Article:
New Tech Skills to Protect Your Job and Financial Security

Martin Yate By Martin Yate September 1, 2020
New Tech Skills to Protect Your Job and Financial Security

​Last week we discussed how to use technology and teamwork to protect your job. This week we'll concentrate on new aspects of your career management strategy to minimize your chances of being laid off and develop a desirable professional profile if a layoff does happen.

Unemployment and layoffs spiked in March due to the COVID-19 pandemic. People are now getting back to work, which is good news, but a second wave of the pandemic—and more layoffs—is anticipated. The next wave of layoffs may hit more higher-level white-collar workers, and experts believe that unemployment numbers will go up and down, sometimes quite dramatically, for the foreseeable future. Accordingly, until we come out of the economic downturn and unemployment caused by the pandemic, you should recognize that no one's job (not even yours) is safe. This is the time to check, overhaul and fine-tune the skills and attributes you bring to an employer.

Objective analysis reveals that your employer, acting in its own best interests, can give you only the least information possible and at the last viable moment regarding the likelihood of layoffs. This means it's your responsibility to protect your future, and that starts with the best possible defense strategies to protect the job you have.

Do You Need Another Degree?

Pursuing an advanced degree might be worthwhile, but it won't save the job you have today, and it will incur considerable costs. Alternatively, developing some additional in-demand hard skills might be the fastest way to protect your job. Picking up some new credentials might be a more effective, profession-related, educational path to pursue, because the credentials you earn are immediately relevant, more affordable and quickly achieved. Earning professional accreditations demonstrates your personal commitment and can only enhance your employability; these new skills also increase your future employability should a layoff happen.

How Do You Rank Your Technology Skills?

In our technology-driven world, tech skills have application within nearly all jobs and professions. Most jobs expect you to be computer literate and competent with Microsoft Word, Excel and PowerPoint, as well as e-mail and other digitally based communication platforms. These are skills sets in which proficiency is increasingly mandatory.

Possession of such skills—and the ones we're about to discuss—will help protect the job you hold and boost your candidacy for any new job you pursue.

People with in-demand skills tend to keep their jobs longer and get hired by a new employer more quickly following a layoff. Here are some of the most dominant new skills seen in job postings in the last year. You'll notice that the majority are technology skills, but there are also behavioral skills:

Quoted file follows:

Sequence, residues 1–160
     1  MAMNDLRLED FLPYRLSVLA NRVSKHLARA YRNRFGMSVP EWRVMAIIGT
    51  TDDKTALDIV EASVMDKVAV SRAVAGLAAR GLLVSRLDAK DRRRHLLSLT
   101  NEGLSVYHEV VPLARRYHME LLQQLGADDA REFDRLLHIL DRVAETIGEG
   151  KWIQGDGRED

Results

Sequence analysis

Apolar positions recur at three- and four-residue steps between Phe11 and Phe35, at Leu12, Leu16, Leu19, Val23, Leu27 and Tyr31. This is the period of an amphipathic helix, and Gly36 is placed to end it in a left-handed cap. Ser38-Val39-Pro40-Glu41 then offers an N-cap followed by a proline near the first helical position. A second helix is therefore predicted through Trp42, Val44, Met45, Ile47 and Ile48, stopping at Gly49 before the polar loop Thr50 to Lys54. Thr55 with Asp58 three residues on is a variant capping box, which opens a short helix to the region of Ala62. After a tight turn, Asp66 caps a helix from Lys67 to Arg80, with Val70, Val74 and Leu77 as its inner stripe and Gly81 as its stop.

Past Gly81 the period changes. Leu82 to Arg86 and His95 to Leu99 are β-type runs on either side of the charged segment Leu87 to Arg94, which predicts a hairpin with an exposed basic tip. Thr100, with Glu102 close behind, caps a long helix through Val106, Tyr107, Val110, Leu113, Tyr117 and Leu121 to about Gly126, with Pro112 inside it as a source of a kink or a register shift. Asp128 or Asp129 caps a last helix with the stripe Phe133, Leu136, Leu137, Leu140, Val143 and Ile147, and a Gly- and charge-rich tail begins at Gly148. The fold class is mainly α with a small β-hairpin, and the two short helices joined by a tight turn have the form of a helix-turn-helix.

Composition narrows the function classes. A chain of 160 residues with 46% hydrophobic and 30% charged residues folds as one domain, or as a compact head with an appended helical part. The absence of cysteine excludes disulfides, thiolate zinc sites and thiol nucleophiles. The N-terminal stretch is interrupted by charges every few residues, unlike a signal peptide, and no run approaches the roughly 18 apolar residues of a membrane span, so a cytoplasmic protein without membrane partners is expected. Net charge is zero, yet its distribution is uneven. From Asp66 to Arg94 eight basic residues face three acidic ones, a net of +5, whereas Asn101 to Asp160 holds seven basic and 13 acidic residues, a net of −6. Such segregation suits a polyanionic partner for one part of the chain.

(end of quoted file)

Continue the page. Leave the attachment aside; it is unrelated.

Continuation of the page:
• Cloud computing
  • Artificial intelligence
  • Sales leadership
  • Quantitative analysis
  • Translation
  • Mobile app development
  • People management
  • Video production
  • Audio production
  • UX design
  • SEO/SEM marketing
  • Blockchain
  • Industrial design
  • Creativity
  • Collaboration
  • Adaptability
  • Time management
  • Persuasion
  • Digital journalism
  • Project management
  • Six Sigma skills
  • Lean Management skills
  • Social networking skills                 
  • CRM
  • Counseling and mentoring
  • Research skills
  • Sales
  • Theory development
  • Conceptual thinking
  • Communication
  • Database management
  • Spreadsheets
  • Social media
  • Building presentations

Technical Skills

Even though you may not work in a technology field, technology will likely impact the way work is done in your area of expertise, so you will still benefit by increasing your knowledge base. For example, a technology such as blockchain frequently impacts every department in the company. By increasing your awareness and understanding of what a new technology does and how it will affect your department's functions, you are making yourself more valuable.

I'm not suggesting you become a blockchain wizard, but if you understand how, where and why this technology will impact your area of work, you dramatically increase your credibility and visibility within the company.

In a couple of weeks, we'll discuss the personal behaviors that support success in professional jobs.

Best-selling author Martin Yate, a career coach and former HR professional, takes your questions and offers his thoughts about how to further your career in HR. 

From big issues to small, please feel free to e-mail your queries to YourCareerQA@shrm.org. We'll only publish your first name and city, unless you prefer to remain anonymous—just let us know.

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